- URL: Put the link to include in the post
- Notes: We use this to remind people of particular hashtags or handles to include.
- Image: If you want to use media that isn’t included in a link, we link to a file path on our internal server, so that we have a record of where media (videos/images) are and aren’t emailing them back and forth
Thanks for sharing the doc, Leslie! Anyone else have one to share? I’d be thrilled to keep updating this post. Reach me here.
This was first published on the blog of the Reynolds Journalism Institute.
How do news consumers decide what information to trust, and how can journalists teach users to be smarter consumers and sharers?
As our fellow community members — voters, neighbors, family members, co-workers — face more options for what to include in their information diet, I’d sure like to know what I might do as a journalist to encourage healthy choices. How can I influence what my followers pick to snack on?
Increasingly, those choices are made on social media platforms. Rather than seeking out a specific brand, consumers are watching a stream of information go by and reaching out to grab specific bits.
How do they decide which ones to click? How do they know what’s good for them? How can they tell what’s unusual, special and worth sharing? How do they choose which ones are, as marketing icon Seth Godin says, remarkable, or worth remarking on?
A team of college students and I have been interviewing journalists and nonjournalists to get a sense of what creates trust and credibility between communicator and receiver. We’re working with the Trust Project and factoring in their extensive user research about indicators of trust.
In our talks with people in and out of the news industry about social media and credibility, three themes emerged: Journalists need to tell their own stories, engage authentically and deploy their fans. We’ll take a look at those three themes in three posts:
Our next step is to work with journalists to test how these strategies can be put to work for them. If you’re interested in participating, please get in touch with me.
If you want to be more sophisticated in your social media use, it can help to practice analyzing what other people do.
An assignment I use in one of my classes is to pick a news brand and analyze its social media activity. I’m always impressed with my students’ observations, and I thought I’d share the assignment here in case it’s useful for others. I’d love to see how other folks teach this. Drop me a line if you have an assignment you’d be willing to share.
SOCIAL MEDIA ANALYSIS
Evaluate the social media use of a news organization of your choice. It can be a small community newsroom or an international staff, niche topic or general. Please choose an organization:
- that is present and at least a little active on social media
- that has room for improvement, so you can make suggestions
- for which you can find at least two staff members connected to the organization who at least sometimes post about their work
- that will allow you to answer all the questions posed in this assignment
You will be assessed based on how well you apply the breadth of our social media discussions in class to your analysis and on the thoughtfulness of that analysis. Consider social media guidelines, strategies and styles of writing. Also address the measurement of success.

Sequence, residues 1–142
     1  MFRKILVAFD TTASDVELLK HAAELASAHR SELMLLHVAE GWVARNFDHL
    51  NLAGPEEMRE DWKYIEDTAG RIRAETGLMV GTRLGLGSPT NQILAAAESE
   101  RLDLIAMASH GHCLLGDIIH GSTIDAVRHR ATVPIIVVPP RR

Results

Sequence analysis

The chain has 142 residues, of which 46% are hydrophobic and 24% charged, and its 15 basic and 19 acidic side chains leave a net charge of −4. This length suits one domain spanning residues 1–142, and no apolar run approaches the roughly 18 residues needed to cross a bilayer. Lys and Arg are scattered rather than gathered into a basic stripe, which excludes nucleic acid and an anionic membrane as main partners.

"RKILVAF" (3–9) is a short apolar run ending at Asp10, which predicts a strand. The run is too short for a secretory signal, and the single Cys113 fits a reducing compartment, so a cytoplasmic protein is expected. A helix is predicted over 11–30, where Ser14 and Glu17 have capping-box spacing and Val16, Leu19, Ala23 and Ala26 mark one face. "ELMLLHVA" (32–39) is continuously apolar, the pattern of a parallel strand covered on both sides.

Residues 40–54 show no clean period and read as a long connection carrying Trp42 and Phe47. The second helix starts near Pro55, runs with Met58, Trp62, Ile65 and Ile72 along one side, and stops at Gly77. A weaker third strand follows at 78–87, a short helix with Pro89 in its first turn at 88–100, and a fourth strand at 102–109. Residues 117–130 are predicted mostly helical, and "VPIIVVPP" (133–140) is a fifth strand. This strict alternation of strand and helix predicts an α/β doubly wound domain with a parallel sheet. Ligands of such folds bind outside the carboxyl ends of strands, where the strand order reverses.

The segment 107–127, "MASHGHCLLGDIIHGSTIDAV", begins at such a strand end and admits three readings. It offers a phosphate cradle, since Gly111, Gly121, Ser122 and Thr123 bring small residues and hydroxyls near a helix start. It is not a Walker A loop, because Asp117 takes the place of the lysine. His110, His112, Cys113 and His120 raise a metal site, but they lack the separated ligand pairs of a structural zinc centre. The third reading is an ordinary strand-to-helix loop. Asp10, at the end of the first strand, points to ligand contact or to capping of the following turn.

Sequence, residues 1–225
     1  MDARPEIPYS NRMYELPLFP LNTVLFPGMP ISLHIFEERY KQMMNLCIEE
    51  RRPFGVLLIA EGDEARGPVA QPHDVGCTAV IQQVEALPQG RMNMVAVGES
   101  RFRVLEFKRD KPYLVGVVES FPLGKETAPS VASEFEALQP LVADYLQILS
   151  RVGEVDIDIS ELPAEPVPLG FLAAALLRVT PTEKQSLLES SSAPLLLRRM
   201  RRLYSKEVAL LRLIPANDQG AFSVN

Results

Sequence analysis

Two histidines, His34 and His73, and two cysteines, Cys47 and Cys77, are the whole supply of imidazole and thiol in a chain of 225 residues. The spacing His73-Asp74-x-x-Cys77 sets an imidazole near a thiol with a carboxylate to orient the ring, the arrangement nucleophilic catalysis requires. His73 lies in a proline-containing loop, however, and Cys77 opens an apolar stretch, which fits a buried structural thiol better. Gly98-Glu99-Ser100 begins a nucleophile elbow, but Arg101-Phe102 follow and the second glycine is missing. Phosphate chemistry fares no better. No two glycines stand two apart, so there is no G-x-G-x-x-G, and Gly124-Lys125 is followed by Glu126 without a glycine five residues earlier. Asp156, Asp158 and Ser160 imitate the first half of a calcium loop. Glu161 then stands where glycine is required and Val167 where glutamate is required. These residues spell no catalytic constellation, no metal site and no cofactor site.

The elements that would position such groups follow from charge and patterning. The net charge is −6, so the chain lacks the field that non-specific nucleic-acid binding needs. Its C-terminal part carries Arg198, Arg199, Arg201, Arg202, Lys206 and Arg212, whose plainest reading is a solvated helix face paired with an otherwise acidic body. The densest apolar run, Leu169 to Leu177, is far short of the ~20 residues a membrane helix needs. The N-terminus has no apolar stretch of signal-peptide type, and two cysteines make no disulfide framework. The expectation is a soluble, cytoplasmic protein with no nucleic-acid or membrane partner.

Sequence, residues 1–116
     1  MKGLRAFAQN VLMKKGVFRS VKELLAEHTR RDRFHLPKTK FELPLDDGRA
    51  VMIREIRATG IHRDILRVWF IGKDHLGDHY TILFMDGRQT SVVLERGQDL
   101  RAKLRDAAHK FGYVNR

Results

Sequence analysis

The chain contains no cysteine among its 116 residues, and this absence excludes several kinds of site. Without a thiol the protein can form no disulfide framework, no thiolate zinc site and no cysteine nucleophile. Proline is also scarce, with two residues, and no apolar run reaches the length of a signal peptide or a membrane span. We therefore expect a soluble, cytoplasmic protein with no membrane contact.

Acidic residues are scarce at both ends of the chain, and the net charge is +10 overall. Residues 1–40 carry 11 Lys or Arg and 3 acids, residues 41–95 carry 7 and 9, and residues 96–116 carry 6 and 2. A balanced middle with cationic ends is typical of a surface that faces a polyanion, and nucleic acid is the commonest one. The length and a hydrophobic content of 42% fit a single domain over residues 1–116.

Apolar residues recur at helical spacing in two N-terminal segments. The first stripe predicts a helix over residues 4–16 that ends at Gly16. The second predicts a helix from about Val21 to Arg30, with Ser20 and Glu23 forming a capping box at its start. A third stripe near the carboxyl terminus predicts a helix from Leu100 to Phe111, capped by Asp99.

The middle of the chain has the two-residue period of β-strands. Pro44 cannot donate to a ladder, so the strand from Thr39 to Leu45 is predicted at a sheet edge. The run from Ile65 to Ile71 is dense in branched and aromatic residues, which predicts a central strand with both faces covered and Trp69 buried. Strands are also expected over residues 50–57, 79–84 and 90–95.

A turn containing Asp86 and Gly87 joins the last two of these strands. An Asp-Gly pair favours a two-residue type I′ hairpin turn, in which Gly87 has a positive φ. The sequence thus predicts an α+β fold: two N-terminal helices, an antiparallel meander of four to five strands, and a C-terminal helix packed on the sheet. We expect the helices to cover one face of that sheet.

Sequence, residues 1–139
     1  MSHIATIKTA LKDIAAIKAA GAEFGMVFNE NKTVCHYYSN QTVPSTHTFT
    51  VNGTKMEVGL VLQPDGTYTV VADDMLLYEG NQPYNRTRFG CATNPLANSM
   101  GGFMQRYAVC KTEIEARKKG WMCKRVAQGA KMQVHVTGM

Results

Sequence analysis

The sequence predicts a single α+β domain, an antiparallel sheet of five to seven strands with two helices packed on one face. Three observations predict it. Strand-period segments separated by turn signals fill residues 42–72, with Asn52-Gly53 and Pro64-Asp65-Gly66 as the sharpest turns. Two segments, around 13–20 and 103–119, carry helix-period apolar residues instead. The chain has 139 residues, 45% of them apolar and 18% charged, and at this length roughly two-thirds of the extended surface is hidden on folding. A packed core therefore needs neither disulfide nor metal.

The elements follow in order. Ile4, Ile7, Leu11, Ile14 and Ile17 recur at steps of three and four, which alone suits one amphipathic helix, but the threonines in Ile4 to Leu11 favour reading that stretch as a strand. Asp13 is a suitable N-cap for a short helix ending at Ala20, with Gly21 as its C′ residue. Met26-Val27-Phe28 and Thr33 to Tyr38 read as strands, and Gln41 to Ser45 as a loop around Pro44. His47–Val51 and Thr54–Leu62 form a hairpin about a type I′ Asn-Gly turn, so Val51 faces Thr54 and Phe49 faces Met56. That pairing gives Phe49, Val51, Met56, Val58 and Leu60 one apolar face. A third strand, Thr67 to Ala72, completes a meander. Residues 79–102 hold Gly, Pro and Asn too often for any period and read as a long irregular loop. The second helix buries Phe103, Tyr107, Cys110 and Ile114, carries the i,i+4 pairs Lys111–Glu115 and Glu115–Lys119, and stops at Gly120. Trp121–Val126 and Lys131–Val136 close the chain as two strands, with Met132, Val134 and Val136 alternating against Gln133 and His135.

PART ONE (10 points): Identify the primary audience for and mission of that news organization (either in their words or your own estimations). Find that news organization on as many social platforms as you can and link to all their accounts. Consider AT A MINIMUM: Facebook, Twitter, Instagram, Pinterest and YouTube. Can you find any social media strategy or policy documents or related interviews? If so, link to them or attach them.
PART TWO (20 points): Answer these questions about at least two of those accounts, on two separate platforms (for example, the org’s main presence on Pinterestand Instagram, or the org’s main sports presence on Twitter and food presence on Facebook — you pick).
- How frequently does the account post?
- Analyze the posts. Approximately what is the ratio of posts that link to or push newsroom content compared to posts that are replies, retweets or other contributions to conversations?
- What do you know and what can you surmise about the strategy for each of those two accounts? Discuss what you can tell about the goals, and link to at least three posts on each platform that back up what you’re saying.
PART THREE (20 points): Find at least two staff members who post about the work they do connected to the organization you’re evaluating.
- Link to their accounts/platforms that discuss their work.
- How much of what they post is directly related to their work?
- What is the nature of their work-related posts? Describe how it relates to content, whether they demonstrate personality, whether/how they reply to followers, whether they show what’s going on behind the scenes of their jobs and whether anything they post could be considered controversial.
PART FOUR (20 points): Think about the strategies we talked about in class for writing social posts. We wrote posts designed to get as many click thrus as possible, as much engagement as possible and as much worthwhile discussion as possible. (Related post: What “works” on social media? That’s a bad question.) Please pick one existing post that includes a link back to your org’s website. Link to the original post, and rewrite it three ways. You don’t have to think all three are the right way to promote that link. But show you understand the diversity of possible strategies by writing examples. Then indicate which you think would be most effective.